Many of us, as we grow older, become the principal caregiver for an aging parent. While this is a natural and appropriate development, it can still be a source of stress, especially when accidents occur. Falls, one of the most common issues with the elderly, are dangerous and can result in broken bones or worse. There are steps, however, which can be taken to prevent injury due to a fall. Learn about some of these steps below!
Vision Problems that Cause Senior Falls
Poor Depth Perception
Depth perception is the ability to perceive the world in three dimensions and to determine the distance of an object. In the elderly, loss of depth perception is common. Restricting the use of multi-focal lenses when walking can help; bi-focal or multifocal lenses are designed to be used when looking down. Walking and looking down at the same time causes depth perception to become distorted, which in turn can cause a person to stumble and fall.
A cataract is a clouding of the lens in the eye, which results in a decrease in vision. More than 70% of the over-75 years of age population is at risk of developing cataracts. There are no symptoms, other than a gradual loss of vision. Increasing the intensity of lighting in the home and making sure that there are multiple sources of light can help if cataracts are an issue.
Glaucoma is a group of eye disorders which can eventually lead to blindness. Characterized by damage to the optic nerve and loss of nerve fibers, it is the second leading cause of blindness in the U.S. While there is currently no cure for glaucoma, early detection and treatment can help control the disease and surgery or medication can slow or prevent further vision loss.
Adjusting to Lighting Changes
Going from a bright bathroom to a dark bedroom requires the eyes to adjust. As people get older this adjustment takes longer. Unfortunately that means an elderly person may not see a piece of furniture in the dark room and may trip and fall. Try to put nightlights in areas like hallways that might need to be walked through at night. Also consider using a dimmer light bulb in the bathroom so the contrast between light and darkness isn't so high.
Age-Related Macular Degeneration (AMD)
The portion of the eye involved in the perception fine details is effected by AMD. Sufferers are typically forced to use their peripheral vision, as their central vision becomes distorted or fails.
Diabetic Retinopathy is a secondary condition of persons with diabetes. Blood vessels in the retina become weak resulting in vision that is blotchy and distorted. If the blood sugar is not controlled in persons with diabetes, the chances of developing this eye disease increases. Warning signs include spots or strings floating across the eye, blurred vision, impaired color vision and even loss of vision.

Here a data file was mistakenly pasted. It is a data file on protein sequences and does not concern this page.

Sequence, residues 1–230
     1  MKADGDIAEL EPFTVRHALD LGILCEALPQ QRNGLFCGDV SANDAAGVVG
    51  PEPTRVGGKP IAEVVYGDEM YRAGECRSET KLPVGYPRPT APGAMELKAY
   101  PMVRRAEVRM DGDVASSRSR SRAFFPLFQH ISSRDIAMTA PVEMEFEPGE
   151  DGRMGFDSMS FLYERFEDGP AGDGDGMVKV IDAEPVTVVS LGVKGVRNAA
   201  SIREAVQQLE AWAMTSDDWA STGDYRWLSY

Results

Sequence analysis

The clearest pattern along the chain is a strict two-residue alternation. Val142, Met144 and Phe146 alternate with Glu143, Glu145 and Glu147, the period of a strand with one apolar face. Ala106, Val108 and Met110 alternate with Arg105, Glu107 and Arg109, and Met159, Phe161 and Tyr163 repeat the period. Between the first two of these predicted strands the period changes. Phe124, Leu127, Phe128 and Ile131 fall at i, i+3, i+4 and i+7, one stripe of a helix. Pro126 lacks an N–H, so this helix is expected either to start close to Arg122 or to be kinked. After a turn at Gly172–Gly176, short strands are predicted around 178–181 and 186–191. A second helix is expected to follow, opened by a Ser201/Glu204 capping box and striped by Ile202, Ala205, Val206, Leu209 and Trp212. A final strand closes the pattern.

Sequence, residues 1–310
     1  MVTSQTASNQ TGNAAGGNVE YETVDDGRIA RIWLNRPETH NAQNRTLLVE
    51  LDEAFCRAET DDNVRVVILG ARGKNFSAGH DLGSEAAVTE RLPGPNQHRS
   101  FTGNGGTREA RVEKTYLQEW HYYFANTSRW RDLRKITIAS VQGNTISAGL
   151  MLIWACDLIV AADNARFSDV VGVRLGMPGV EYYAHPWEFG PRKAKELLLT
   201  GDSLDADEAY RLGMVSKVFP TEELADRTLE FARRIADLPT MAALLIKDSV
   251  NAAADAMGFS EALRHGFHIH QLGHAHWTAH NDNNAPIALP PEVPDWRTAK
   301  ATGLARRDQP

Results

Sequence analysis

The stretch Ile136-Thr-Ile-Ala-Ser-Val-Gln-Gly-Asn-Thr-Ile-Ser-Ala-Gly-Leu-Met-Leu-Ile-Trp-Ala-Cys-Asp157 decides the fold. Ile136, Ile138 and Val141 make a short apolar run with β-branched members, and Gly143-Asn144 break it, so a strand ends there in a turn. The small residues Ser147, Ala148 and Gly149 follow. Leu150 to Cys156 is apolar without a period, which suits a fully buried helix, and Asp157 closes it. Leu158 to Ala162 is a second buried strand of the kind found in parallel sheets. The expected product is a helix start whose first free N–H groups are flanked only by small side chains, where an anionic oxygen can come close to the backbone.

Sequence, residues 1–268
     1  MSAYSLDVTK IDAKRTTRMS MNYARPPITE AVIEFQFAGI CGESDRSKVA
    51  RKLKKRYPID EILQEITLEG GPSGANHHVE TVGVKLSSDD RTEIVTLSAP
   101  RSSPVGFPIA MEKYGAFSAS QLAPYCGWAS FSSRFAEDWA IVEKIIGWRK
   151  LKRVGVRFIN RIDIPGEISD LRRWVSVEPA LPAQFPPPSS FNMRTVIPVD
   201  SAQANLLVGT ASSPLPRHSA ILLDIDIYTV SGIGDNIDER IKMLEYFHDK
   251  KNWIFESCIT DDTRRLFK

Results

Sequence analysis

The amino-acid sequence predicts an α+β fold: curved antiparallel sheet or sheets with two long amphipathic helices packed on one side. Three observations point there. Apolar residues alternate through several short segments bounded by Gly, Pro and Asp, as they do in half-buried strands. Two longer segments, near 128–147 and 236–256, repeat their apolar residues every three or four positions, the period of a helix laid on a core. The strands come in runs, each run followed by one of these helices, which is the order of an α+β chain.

While there is no way to halt the effects of time on our bodies, there are preventative measures that you can take. Here are just a few ideas:
Yearly eye exam: Screening for vision loss is fairly easy. The eye doctor will start by using a wall or handheld chart to test the depth of the senior patient's eyesight. Further tests will likely be performed to check for specific afflictions such as cataracts, glaucoma, or macular degeneration, that could be hurting vision.
Install brighter lights: Adding bringer lights around the home, especially in high-traffic areas, can help increase visibility and reduce falls.
Manage chronic conditions: If your loved one is diagnosed with a chronic condition, it's important to take care of it. These conditions may get more severe and can permanently affect health and eyesight if left untreated.
Pay attention to changes in vision: Contrast helps seniors see the edges that warn of a change in terrain, such as a curb or perhaps clutter on the floor. The difficulty in perceiving contrast makes depth perception much more challenging. This is a critical clue to observe and judge hazards. Additionally, loss of clarity in vision is another sign to look out for.
As you are learning to deal with the changes that aging can bring, be patient with yourself, patient with your loved one, seek advice and answers to questions. Our Fall Prevention Fact Sheet can help you understand the potential dangers of falls and how to help your loved ones.